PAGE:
Flies and Fly Tying...What fish eat...

Without a fly at the end of your line, your chances of hooking a fish are somewhat diminished...pretty obvious. It is also true that without the right fly your chances may be about the same...nothing. So, the obvious question is "What is the right fly?"  The answer to that question is simple..."It depends!". It depends on the species you are chasing, it depends on the type of water you are fishing, it depends on what kind of "fish food" is available to the fish in that particular piece of water and probably a few other things.

Trout:

Trout eat primarily insects...more specifically aquatic insects and terrestrials. Generally, this means mayflies, caddisflies and stoneflies...often in that order. There are certainly other aquatic insects such as damselflies, dragonflies, crane flies, mosquitos and a whole group of what are termed "midges". As if this is not complicated enough, it gets worse. Aquatic insects have several life stages and trout may well be "keyed into" one of these life stages and almost ignore the others. For example, mayflies have three life stages (nymphsubimago [emerger/dun] and imago or spinner). If you want to get picky, eggs are a 4th. A mayfly nymph will live 1-3 years underwater and the two adult stages combined live only a couple of days.

Trout will also eat other small fish (a streamer pattern), leeches, crayfish, fresh water shrimp and scuds. Some larger trout (especially brown trout) will eat mice frogs, crayfish, etc.

For more on specifics on bugs (aquatic insects and terrestrials pleas see the entomology section...

Bass:

Bass are a very predatory fish. They primarily eat other fish and this includes other bass including their young. Insects are also important to bass as insects are a primary food source for the young bass...generally not for larger bass. Other common bass food includes crayfish, frogs and even baby birds/ducks. Unlike trout that tend to be more "selective", bass are opportunistic feeders and will often consider anything that moves as food.  A fishing guide in Florida once told me "Bass will eat just about anything that doesn't eat them first and can fit in their mouth". I recently read a good article on the Bassmaster web site. The title of the article is "What bass eat". Much of the information was provided by a fisheries biologist that primarily studies bass. See more of tying flies for bass here...

Steelhead and Salmon:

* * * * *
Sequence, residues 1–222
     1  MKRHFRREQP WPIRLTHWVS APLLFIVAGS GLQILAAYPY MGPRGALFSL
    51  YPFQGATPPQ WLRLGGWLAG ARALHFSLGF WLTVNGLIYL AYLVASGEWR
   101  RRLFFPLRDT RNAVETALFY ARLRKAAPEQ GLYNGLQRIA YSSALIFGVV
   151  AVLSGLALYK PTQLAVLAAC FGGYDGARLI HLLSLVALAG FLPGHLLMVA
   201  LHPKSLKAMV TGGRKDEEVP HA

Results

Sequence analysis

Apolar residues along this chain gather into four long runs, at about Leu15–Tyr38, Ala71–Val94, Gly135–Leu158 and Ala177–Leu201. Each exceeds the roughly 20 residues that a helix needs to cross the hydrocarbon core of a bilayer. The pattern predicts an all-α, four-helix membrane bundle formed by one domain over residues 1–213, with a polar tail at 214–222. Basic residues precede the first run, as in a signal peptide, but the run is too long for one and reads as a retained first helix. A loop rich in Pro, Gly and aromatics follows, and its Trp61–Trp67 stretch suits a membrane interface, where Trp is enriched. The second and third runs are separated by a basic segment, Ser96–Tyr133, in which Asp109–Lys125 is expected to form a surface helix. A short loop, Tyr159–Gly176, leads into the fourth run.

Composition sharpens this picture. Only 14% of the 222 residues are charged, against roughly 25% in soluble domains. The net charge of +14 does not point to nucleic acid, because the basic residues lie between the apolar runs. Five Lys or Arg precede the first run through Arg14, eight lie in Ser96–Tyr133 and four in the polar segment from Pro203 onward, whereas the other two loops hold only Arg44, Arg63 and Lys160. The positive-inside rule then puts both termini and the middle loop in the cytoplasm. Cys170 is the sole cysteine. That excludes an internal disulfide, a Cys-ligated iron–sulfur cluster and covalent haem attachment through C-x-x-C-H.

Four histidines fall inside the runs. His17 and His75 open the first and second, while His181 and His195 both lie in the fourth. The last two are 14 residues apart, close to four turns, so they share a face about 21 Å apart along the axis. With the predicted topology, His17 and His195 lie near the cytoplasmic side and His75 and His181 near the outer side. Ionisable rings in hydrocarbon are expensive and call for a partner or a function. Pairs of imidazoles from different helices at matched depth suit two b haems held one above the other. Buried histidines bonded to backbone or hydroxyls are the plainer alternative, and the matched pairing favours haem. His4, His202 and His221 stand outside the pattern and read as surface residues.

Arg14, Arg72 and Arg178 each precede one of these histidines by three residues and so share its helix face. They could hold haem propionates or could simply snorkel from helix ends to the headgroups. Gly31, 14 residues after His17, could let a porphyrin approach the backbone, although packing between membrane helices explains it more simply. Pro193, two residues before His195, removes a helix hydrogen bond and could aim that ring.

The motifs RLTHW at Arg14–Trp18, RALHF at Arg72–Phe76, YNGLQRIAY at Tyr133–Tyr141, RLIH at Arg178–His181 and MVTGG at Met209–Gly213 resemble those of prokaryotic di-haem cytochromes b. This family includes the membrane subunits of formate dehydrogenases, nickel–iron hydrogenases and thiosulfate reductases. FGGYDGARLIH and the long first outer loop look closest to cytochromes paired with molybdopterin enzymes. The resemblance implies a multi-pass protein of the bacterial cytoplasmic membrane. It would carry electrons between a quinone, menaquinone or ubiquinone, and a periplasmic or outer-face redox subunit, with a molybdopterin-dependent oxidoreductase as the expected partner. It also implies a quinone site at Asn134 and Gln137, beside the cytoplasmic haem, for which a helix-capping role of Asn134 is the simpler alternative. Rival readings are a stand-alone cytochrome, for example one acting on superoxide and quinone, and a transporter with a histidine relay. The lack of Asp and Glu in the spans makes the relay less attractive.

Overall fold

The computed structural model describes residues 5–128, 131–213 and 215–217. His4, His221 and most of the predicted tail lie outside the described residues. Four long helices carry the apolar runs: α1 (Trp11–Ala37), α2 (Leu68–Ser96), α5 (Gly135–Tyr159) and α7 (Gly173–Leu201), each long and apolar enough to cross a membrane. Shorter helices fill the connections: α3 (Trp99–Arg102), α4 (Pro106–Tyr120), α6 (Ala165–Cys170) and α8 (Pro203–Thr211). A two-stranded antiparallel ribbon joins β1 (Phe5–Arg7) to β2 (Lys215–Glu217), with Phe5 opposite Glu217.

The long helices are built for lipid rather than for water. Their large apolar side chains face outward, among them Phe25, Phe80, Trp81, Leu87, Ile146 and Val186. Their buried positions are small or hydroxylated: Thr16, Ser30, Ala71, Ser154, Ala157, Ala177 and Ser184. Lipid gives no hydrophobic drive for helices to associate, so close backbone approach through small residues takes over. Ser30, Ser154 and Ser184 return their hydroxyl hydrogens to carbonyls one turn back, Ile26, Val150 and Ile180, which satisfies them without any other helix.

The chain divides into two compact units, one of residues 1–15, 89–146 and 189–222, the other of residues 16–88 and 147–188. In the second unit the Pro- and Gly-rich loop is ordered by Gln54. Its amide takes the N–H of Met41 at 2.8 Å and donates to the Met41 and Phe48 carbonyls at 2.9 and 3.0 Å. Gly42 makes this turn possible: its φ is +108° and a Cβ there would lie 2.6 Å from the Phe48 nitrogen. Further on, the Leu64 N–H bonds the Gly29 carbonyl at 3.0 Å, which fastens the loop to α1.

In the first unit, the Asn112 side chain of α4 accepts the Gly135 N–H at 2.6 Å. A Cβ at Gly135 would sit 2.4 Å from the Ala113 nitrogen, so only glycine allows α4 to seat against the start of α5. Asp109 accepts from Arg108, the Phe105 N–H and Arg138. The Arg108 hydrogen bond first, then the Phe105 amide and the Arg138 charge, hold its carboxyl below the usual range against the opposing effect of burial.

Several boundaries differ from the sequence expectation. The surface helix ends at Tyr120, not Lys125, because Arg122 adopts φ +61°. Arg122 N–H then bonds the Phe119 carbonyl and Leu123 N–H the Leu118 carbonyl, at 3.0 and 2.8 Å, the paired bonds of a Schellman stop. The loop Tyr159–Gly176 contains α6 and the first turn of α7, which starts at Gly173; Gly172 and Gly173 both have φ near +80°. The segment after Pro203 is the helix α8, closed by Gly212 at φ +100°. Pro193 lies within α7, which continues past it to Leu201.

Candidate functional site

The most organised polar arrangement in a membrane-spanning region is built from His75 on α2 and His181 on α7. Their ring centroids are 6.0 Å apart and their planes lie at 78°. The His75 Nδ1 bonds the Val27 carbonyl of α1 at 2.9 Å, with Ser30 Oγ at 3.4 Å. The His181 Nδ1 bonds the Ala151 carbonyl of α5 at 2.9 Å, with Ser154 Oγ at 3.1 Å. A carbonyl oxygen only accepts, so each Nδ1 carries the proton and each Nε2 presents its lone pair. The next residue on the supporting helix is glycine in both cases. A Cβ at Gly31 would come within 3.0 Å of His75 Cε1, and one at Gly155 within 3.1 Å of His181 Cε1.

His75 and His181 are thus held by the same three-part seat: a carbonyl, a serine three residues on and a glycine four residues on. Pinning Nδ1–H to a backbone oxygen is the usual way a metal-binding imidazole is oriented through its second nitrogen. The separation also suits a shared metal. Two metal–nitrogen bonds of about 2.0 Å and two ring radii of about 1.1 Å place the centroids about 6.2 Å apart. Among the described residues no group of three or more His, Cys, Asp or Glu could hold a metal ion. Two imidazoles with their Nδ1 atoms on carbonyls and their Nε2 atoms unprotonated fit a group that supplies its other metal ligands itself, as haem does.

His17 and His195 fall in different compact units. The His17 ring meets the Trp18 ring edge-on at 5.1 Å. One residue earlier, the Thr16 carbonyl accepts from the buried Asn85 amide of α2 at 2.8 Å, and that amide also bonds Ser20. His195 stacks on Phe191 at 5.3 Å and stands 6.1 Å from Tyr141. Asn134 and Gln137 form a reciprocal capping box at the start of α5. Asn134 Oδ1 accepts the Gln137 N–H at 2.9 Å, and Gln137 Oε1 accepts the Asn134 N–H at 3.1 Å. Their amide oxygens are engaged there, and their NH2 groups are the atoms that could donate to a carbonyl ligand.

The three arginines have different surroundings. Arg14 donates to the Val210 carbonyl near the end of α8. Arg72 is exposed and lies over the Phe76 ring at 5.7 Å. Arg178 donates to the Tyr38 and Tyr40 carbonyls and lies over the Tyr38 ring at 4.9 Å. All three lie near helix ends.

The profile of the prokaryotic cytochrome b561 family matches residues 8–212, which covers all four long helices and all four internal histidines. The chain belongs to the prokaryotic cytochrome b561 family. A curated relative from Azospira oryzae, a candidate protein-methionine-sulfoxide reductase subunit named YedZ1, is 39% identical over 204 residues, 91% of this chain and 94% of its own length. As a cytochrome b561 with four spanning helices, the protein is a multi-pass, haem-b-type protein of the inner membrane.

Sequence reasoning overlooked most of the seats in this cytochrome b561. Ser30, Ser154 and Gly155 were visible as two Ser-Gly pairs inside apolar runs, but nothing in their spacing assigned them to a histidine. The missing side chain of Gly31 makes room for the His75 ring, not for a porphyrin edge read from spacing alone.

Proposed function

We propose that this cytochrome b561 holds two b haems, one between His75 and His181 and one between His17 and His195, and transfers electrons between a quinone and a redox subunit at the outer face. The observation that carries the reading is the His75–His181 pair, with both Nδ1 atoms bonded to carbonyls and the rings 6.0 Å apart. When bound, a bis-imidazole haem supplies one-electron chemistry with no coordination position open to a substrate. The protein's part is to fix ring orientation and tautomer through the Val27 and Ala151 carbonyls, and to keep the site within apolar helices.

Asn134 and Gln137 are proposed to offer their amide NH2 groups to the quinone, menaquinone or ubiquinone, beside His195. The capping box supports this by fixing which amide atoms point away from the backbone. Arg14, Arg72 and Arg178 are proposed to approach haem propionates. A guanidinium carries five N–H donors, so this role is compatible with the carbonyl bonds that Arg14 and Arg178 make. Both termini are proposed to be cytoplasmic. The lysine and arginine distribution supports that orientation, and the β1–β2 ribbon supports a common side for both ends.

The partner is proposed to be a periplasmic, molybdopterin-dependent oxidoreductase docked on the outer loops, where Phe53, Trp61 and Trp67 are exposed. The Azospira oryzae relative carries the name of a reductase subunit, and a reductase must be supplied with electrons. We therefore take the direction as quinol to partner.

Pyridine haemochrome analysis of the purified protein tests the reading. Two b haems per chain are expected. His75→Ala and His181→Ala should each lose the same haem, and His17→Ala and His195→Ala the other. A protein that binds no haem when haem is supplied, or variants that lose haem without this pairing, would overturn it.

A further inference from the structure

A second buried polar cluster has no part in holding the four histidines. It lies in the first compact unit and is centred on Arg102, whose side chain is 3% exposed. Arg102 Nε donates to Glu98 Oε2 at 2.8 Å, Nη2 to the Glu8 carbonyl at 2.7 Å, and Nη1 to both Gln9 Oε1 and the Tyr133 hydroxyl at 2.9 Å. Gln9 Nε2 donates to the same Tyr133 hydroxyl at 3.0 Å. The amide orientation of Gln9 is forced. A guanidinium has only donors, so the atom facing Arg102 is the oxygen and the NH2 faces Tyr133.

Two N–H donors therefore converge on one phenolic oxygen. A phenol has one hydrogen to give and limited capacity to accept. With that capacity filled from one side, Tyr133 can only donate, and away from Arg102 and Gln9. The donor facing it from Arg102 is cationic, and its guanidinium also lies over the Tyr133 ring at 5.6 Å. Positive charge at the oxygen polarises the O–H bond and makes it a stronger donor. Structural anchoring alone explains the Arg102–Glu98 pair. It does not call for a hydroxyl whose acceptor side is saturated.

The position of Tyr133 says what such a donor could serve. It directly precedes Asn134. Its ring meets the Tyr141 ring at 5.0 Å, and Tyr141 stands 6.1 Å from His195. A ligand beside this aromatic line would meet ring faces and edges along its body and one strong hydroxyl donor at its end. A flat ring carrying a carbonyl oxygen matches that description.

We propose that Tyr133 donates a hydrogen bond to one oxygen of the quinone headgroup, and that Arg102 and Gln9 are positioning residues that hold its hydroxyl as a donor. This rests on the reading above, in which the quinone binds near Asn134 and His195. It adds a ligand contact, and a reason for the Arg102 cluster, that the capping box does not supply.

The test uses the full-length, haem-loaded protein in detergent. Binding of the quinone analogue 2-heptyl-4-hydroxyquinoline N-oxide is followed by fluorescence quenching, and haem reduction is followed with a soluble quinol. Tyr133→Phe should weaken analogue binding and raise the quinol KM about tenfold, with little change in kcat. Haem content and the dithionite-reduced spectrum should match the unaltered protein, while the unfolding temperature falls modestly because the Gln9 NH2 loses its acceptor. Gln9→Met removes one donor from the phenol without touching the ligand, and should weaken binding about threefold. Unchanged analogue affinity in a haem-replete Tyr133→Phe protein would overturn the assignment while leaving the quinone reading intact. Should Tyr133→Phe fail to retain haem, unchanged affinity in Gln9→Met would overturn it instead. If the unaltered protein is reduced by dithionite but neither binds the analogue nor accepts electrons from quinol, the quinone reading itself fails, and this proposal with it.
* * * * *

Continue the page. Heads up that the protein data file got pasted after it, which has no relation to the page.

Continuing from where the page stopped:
Both salmon and steelhead are only really available to the fly fisher once they leave the ocean and enter the rivers on their annual spawning runs. These fish are there to spawn and, as a result, tend not to feed as you might imagine. In both cases, these fish have prepared for the long journey by feeding heavily before leaving the saltwater. Steelhead will feed opportunistically along the way often on salmon eggs. Salmon feed very little while in the rivers. Many flies for salmon are "attractor" flies and their purpose is to irritate the fish into striking. Flies to imitate salmon eggs are also common. Salmon are known to eat salmon eggs. It is thought that they eat the eggs of other salmon out of an instinct to preserve their own species. The use of multiple bright colors is a common theme for steelhead and salmon flies.

To see more about salmon and steelhead flies go here...

Pike and Muskies:

Pike and muskies (muskellunge) are both carnivorous fish and are voracious feeders. Their diet consists primarily of fish but they also eat other things like frogs and smaller waterfowl. Both are ambush predators that lurk in the vegetation, making no movements, just waiting for a creature to get close enough to strike it.

For more on tying flies for muskie and pike go here...

Saltwater Flies:

Virtually all saltwater species that are of interest to the fly fisher primarily eat other fish. Some species like permit and redfish eat crustaceans (shrimp, mollusks and small crabs). Flies (streamers) that imitate a wide variety of "baitfish" are certainly most common. If fishing for permit, crab imitations are very popular.

For more on tying flies for saltwater species go here...

clouser minnow

image credit: thecatchandthehatch.com